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    ABSTRACT: Recent studies suggest that the storage age of red blood cells (RBCs) may be associated with morbidity and mortality in surgical patients. We studied perioperative effects of RBC storage age in patients undergoing orthotopic liver transplant (OLT). Adult patients who received ≥5 U of RBCs during OLT between January 2004 and June 2009 were studied. The subjects were divided into two groups according to the mean storage age of RBCs they received: new or old RBCs (stored ≤14 or >14 days, respectively). Effects of storage age of transfused RBCs during OLT on intraoperative potassium (K(+)) concentrations, incidence of hyperkalemia (K(+) ≥5.5 mmol/L), postoperative morbidity, and patient and graft survival were studied. The mean serum K(+) concentrations and the incidence of hyperkalemia during OLT were significantly associated with storage age of the RBCs. Logistic analysis showed that storage age of RBCs was an independent risk factor for intraoperative hyperkalemia (odds ratios 1.067-1.085, p < 0.001) in addition to baseline K(+) concentration and units of RBCs transfused. Patient and graft survival and postoperative morbidity including postoperative ventilation, reoperation, acute renal dysfunction defined by the RIFLE criteria was not associated with old RBCs. Transfusion of RBCs stored for a longer time was associated with intraoperative hyperkalemia but not with postoperative adverse outcomes in adult OLT. Prevention and treatment of potentially harmful hyperkalemia should be considered when old RBCs are administered.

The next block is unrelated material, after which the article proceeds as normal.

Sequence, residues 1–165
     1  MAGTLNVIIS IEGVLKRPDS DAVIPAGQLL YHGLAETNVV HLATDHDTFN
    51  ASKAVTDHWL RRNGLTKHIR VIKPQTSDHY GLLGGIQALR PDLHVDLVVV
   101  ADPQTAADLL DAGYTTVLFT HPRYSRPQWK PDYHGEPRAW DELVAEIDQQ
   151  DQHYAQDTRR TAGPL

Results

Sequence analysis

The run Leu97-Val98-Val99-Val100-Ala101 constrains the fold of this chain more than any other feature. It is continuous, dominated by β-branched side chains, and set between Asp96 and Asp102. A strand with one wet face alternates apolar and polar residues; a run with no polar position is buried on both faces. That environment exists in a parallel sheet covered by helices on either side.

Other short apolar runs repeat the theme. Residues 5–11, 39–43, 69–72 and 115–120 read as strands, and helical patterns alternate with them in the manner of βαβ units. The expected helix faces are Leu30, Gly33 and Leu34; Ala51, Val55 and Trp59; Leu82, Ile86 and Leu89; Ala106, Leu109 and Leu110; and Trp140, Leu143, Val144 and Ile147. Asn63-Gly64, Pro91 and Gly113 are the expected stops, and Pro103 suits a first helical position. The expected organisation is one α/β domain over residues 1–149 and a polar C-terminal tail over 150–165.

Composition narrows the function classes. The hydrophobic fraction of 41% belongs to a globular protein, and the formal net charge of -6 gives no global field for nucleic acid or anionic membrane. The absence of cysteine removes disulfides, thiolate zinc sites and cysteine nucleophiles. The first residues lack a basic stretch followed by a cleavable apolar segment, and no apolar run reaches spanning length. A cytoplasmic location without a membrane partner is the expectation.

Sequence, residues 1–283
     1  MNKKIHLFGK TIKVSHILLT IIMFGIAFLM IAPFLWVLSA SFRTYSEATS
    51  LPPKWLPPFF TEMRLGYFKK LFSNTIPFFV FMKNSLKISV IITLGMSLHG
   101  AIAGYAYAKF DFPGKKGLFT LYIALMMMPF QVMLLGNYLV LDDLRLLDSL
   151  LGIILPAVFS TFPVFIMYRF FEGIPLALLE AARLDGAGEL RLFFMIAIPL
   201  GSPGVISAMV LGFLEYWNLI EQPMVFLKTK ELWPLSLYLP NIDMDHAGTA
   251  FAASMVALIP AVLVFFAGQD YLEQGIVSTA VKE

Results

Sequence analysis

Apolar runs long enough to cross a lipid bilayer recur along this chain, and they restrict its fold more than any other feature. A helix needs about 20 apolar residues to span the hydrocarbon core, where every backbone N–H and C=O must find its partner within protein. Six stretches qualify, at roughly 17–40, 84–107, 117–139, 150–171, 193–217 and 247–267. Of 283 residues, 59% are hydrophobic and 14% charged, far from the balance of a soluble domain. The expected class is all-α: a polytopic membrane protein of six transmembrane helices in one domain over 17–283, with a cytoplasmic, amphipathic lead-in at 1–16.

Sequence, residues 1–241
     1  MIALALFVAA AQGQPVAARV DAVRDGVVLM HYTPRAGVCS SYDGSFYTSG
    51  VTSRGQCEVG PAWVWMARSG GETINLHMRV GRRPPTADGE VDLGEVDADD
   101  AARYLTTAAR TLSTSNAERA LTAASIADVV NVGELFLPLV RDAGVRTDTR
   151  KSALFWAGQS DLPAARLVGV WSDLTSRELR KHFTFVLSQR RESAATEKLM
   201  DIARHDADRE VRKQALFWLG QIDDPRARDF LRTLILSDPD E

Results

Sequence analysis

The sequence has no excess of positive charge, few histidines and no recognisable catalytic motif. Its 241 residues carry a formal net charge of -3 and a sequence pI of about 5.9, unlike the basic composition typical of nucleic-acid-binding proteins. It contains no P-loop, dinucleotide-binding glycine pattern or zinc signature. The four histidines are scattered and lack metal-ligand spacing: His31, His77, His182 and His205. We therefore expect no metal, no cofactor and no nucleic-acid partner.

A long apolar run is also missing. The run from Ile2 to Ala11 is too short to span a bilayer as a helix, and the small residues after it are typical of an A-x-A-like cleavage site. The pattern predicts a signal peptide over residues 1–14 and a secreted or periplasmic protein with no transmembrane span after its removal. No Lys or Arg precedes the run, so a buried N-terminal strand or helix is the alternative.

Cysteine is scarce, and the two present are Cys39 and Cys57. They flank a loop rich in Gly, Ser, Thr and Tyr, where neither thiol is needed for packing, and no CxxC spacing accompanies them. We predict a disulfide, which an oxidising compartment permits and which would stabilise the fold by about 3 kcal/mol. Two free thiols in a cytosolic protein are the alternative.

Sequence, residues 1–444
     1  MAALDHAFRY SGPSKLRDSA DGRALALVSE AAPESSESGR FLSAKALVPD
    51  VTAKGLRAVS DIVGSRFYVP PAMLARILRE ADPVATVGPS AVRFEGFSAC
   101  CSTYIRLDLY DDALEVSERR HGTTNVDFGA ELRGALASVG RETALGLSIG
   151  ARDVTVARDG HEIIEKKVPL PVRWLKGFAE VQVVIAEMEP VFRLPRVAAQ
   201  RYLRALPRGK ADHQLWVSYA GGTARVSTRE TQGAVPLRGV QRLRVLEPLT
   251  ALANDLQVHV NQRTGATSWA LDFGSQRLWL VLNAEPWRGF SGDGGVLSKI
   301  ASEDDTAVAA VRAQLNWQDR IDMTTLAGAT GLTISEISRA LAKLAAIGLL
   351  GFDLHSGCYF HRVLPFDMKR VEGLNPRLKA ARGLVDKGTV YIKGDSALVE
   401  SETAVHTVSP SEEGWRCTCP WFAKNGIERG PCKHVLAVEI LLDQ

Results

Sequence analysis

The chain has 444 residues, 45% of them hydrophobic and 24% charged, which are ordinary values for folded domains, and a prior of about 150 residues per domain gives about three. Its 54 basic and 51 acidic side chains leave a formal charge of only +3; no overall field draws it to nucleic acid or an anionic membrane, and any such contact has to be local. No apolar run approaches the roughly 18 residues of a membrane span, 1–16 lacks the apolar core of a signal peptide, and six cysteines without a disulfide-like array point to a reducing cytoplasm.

World Journal of Surgery 06/2012; 36(10):2436-42. · 2.23 Impact Factor
  • Randolph Herbert Steadman, Yue Ming Huang
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    ABSTRACT: Simulation has become ubiquitous in medical education over the last decade. However, while many health-care professions and disciplines have embraced the use of simulation for training, its use for high-stakes testing and credentialing is less well established. This chapter explores the incorporation of simulation into training requirements and board certification, and its role for quality assurance of educational programmes and professional competence. Educational theories that underlie the use of simulation are described. The driving forces that support the simulation movement are outlined. Accreditation bodies have mandated simulation in training and maintenance of certification. It may be only a matter of time before simulation becomes one of the standards for performance assessment.
    Best practice & research. Clinical anaesthesiology. 03/2012; 26(1):3-15.
  • Journal of cardiothoracic and vascular anesthesia 09/2011; · 1.06 Impact Factor
  • Journal of cardiothoracic and vascular anesthesia 02/2011; 25(6):1092-4. · 1.06 Impact Factor